By David Borenstein MD, Executive Editor, theSpineCommunity.com
SPARTAN (Spondyloarthritis Research and Training Network) is the scientific organization of physicians and patient organizations dedicated to the study of inflammatory disorders of the spine, like ankylosing spondylitis. The 14th meeting of this group brought researchers from North America to Denver to discuss new advances in these disorders as well as the development of treatment recommendations for spondyloarthritis.
A major focus of the SPARTAN meeting was the microbiome and ankylosing spondylitis. The microbiome consists of trillions of bacteria that exist in our gastrointestinal tract. Most organisms are symbiotic, a mutually beneficial relationship. That is, they supply essential factors for us and we supply nutrients for them. For example, vitamin K for coagulation is a product of this interaction.
Humans have an entire component of their immune system directed at controlling the microbiome. IgA, an immunoglobulin, has action primarily within systems exposed to the environment like the gastrointestinal tract and the respiratory system.
Animal models exist in the rat that mimic ankylosing spondylitis (AS) in humans. If spondylitis-prone rats are kept bacteria-free, they do not develop spondylitis.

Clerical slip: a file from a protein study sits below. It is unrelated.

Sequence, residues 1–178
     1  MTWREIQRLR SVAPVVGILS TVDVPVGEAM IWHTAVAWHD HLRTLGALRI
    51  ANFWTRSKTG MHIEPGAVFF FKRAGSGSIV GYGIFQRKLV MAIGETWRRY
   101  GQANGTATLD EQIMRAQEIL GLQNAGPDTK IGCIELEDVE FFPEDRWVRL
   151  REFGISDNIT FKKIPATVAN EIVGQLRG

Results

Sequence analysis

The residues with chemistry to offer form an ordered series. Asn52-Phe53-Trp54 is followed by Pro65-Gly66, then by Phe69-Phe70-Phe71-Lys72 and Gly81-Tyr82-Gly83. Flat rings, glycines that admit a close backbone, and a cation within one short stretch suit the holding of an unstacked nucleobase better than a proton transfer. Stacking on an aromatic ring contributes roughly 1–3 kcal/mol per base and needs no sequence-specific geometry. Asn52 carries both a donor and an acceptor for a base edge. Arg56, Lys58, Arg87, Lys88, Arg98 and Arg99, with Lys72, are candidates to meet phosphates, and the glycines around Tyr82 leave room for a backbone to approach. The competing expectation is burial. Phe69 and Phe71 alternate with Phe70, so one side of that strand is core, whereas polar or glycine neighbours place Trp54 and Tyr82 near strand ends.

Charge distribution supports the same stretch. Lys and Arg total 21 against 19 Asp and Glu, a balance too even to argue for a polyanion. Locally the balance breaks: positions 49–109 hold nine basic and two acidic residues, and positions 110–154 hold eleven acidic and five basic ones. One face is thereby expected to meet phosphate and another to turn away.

Certain organisms, segmented filamentous bacteria, have the potential to cause immune cells in the GI tract to generate cellular messengers, cytokines, that mediate inflammation and tissue damage. For example, interleukin-17 is induced by segmented filamentous bacteria in the GI tract. IL-17 is recognized as one of the causes of the signs and symptoms of AS. A recently approved biologic drug that decreases levels of Il-17, secukinumab, is proven to improve individuals with AS.
Also of interest are the organisms that exist in individuals who are HLA-B27 positive. HLA B27 is a human genetic marker associated with increased risk of developing AS. Individuals with HLA-B27 have different organisms that populate their gut than individuals who are B27 negative.
Many questions remain regarding the importance of the microbiome and human disease. AS is just one example of such an illness. I would not be surprised that future therapy for a wide variety of illnesses will include modification of the organisms in our gut.
Reference: Jim Rosenbaum. The Role of Microbiome in Spondyloarthritis. Proceedings from the 2016 Annual Spartan meeting.